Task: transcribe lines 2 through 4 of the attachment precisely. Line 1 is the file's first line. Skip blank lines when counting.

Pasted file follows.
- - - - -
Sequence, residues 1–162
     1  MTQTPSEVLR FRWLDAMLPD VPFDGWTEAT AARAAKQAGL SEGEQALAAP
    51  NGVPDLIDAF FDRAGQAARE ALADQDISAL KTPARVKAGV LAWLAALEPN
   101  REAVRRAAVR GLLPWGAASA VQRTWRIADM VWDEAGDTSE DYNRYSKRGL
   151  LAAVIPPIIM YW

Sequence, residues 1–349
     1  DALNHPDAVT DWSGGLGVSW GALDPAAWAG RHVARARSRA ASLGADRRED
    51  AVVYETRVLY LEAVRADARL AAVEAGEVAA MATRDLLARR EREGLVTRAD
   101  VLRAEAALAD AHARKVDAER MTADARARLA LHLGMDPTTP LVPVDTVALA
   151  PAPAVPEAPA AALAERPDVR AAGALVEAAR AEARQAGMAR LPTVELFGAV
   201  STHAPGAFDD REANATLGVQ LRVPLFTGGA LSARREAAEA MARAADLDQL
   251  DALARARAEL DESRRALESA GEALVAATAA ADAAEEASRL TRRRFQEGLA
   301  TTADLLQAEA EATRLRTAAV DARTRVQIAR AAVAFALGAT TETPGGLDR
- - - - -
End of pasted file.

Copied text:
     1  MTQTPSEVLR FRWLDAMLPD VPFDGWTEAT AARAAKQAGL SEGEQALAAP
    51  NGVPDLIDAF FDRAGQAARE ALADQDISAL KTPARVKAGV LAWLAALEPN
   101  REAVRRAAVR GLLPWGAASA VQRTWRIADM VWDEAGDTSE DYNRYSKRGL